Bill Storrs Jr.
Bill Storrs Jr. - Head Coach - Baseball
The 2012 season treated Prairie State College head baseball coach Bill Storrs Jr. quite well.
Being elevated from associate head coach to head coach has the tendency to do that.
Recording the best record in school history does as well.
Storrs, who assumed command of the Pioneers’ program after his father, Bill Storrs, stepped down to an assistant coaching position, led PSC to its first 40-win campaign in 2012.
Prairie State posted an overall record of 40-13 during the first year of the Storrs Jr. era.
Three of Storrs’ charges were selected to the NJCAA All-Region IV team while a total of eight Pioneers earned spots on the All-Illinois Skyway Collegiate Conference team.
Storrs Jr. joined the coaching fraternity in 2009, serving as the Pioneers’ hitting instructor after completing his collegiate career at Robert Morris College in 2008.
Prior to going to Robert Morris, Storrs played at PSC in 2005. In his one-year stint at PSC, Storrs batted .402, which is the tenth-highest single-season total in team history, and hit five homers, equaling the fifth most by a Prairie State player. In all, Storrs hit 24 home runs at the collegiate level.
During his first season as hitting instructor in 2010, the Pioneers swung their way to a .357 team batting average, good for 15th in the nation.
Storrs also played a role in sophomore shortstop Dave Pellack turning in an outstanding campaign that year, one which saw him hit .457 with a school record 98 hits.
In the summer, Storrs plays for the Crestwood Panthers and was the runner up for the Chicago Suburban Baseball League 2008 Player of the Year. While playing for the Panthers in 2005, he was the league’s recipient of the College Player of the Year.
Storrs is the CSBL’s all-time leader in home runs and RBIs, and he is third in total bases. With the exception of triples and stolen bases, he ranks in the top-10 in all of the statistical categories on offense.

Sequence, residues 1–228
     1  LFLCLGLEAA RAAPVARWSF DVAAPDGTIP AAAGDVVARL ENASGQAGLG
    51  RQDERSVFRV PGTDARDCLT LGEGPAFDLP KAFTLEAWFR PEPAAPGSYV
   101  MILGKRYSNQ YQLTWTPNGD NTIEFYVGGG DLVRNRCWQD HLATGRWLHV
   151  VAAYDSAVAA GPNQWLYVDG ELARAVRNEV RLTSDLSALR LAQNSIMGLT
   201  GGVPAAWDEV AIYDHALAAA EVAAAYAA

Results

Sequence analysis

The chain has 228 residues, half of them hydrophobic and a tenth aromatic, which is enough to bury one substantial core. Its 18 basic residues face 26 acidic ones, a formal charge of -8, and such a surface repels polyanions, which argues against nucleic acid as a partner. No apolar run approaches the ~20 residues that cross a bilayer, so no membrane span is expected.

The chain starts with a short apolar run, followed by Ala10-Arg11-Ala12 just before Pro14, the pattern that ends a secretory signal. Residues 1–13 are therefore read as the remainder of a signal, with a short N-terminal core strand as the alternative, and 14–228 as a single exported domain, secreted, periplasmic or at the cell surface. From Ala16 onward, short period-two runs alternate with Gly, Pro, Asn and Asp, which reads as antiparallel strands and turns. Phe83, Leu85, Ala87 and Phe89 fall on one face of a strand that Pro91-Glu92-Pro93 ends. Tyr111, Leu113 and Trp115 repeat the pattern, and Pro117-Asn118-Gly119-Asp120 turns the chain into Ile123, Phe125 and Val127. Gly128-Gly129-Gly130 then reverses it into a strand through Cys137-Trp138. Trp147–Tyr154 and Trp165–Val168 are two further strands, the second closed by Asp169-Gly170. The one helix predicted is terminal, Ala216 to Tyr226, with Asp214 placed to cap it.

He also serves as the Panther’s general manager.
Storrs, who received a degree in business from Robert Morris, gives lessons at On-Deck Baseball Academy in Orland Park.
Bill Storrs - Assistant Coach - Baseball
After serving four seasons as head baseball coach at Prairie State College, Bill Storrs turned over the reigns of the Pioneers' program to son Bill Jr. in 2012.
And despite keeping a lower profile within the program, the elder Storrs still made major contributions during the 2012 slate, which concluded as the most successful regular-season in PSC baseball history.
Storrs produced an 88-107-1 career mark as head coach of the Pioneers.
In his first season as a PSC assistant, Storrs continued to put his thirty-plus years of coaching experience to good use, helping the Pioneers reach the 40-win mark for the first time in program history. Prairie State closed the 2012 schedule with a 40-13 record.
Storrs also lent a hand in helping several Pioneers earn post-season recognition as the team saw three of its players pick up NJCAA All-Region IV status while eight claimed All-Illinois Skyway Collegiate Conference recognition.
PSC reached the 30-win plateau for the first time in the Storrs era in 2010, compiling a 34-23 overall mark.
The Pioneers finished with a 12-30 mark in 2009 and 16-24 record in 2008.
The Pioneers also found themselves just one win shy of claiming an NJCAA Region IV Sectional title following a pair of wins in the sectional tournament, one of which was a 20-4 victory over Illinois Skyway Collegiate Conference rival Elgin.
Prairie State is not the first collegiate head-coaching position for Storrs either as he ran the Trinity Christian College baseball program from 1988-96.
Storrs' time at Trinity Christian was spent as both the associate head coach (1988-94) and as head coach (1995-96). During his entire tenure with the Trolls, he also was the lead recruiter.
As the associate head coach, Storrs was the third base coach, hitting coach and fielding instructor for catchers and infielders. Besides improving from eight wins to 20 in a two-year span, Trinity also sent its first player to the professional ranks when Bob Schaaf was inked to a contract.
Storrs experienced success as the Trolls' head coach, recording 20-plus wins, defeating St. Xavier and St. Francis for the first time in team history and advancing to the conference tournament.